Worst Practices for Data Backup

Here are some of the worst practices in backing up data:


  1. Doing no data backup at all. This seems like a no-brainer but it is a common mistake. In many cases it is an unintentional mistake. Backup jobs are neglected and don't backup all important data.

  2. Failing to keep offsite backup copies of data. This is one of the most common problems. Storing backup copies in the same building as the computers your are backing up does not protect against many disasters.

  3. Failing to monitor your backup jobs effectively. Don't assume that no news is good news. Backup jobs often fail, don't run, or skip files. Check your backup jobs and logs often and correct any problems as soon as possible.

  4. Using manual procedures. Manual procedures are often forgotten, postponed, neglected and just not performed. Use automated procedures to make your data backup reliable.

  5. Not encrypting backup data. Most backups contain some sensitive data. Backup media, including portable disk drives, can be lost or stolen and fall into the wrong hands. An old tape or disk drive that you may have erased, may end up being salvaged and data scavenged by identity thieves long after you have discarded them.

  6. Not performing test restores of your data. Just because a backup job finished without errors doesn't guarantee that you can restore your data. The only way you can be sure is to periodically test the restore procedure.

Data Backup and Recovery

3 comments:

Maddox said...

I completely agree with your ideas. Thats why the software I use encrypts and sends the data to an offsite server. I have been using it for 2 years now and it is very reliable and covers everything in your guidelines! Try www.remote-backup.com if you are interested in something that fits your goals for a backup.

Mike Mavilia said...

Completely agree to this post. These practice can be suicidal. And moreover to know this facts in detail is essential. Thus, you deserve a thanks, as you have shared these aspects.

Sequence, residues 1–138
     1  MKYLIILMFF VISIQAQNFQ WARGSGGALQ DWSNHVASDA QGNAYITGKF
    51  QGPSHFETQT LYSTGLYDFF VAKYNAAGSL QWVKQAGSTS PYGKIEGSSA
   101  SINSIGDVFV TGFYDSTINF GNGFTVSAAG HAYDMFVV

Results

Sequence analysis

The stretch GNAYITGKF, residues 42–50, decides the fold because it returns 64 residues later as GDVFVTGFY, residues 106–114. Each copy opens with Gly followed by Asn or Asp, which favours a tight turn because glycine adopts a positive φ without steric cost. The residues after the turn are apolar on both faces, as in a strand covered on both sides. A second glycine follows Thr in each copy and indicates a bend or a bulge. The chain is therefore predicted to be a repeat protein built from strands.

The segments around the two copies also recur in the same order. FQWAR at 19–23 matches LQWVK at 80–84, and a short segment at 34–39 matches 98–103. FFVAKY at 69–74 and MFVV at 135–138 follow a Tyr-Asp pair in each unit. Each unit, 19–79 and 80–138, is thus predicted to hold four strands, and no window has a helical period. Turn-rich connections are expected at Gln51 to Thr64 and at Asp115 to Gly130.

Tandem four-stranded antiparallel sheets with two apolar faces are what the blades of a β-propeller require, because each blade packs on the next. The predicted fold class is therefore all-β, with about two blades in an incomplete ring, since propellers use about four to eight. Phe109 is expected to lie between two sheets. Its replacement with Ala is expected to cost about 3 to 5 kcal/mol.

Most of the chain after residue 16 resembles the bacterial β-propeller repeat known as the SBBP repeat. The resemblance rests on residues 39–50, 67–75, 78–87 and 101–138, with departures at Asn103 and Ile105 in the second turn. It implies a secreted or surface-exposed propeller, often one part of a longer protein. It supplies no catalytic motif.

hnblog said...

Completely agree to all the best practices . Test restores are specifically important to ensure data integrity . However when you are backing up petabytes of data as in high density storage , data integrity tests will need to rely on proven mathematical algorithms like checksumming that backup softwares provide. The very reason that restoring a large volume may need duplication of the primary storage infrastructure .In addition sampling procedures during non-critical times to validate test restores as previously mentioned are equally important to guarantee media sanity and ensure no deterioration with age. Specifically true with tape and disk drives that are old .
While this is true for enterprises managing their own infrastructure for data protection , businesses relying on cloud for data protection need not be as worried . Cloud providers like Amazon(AWS) provide both archival and backup features to backup local data center data to the cloud and can guarantee SLA's based on the tier you sign up for . Cloud providers ensure data integrity and it may not be necessary to be overly worried about executing test restore procedures .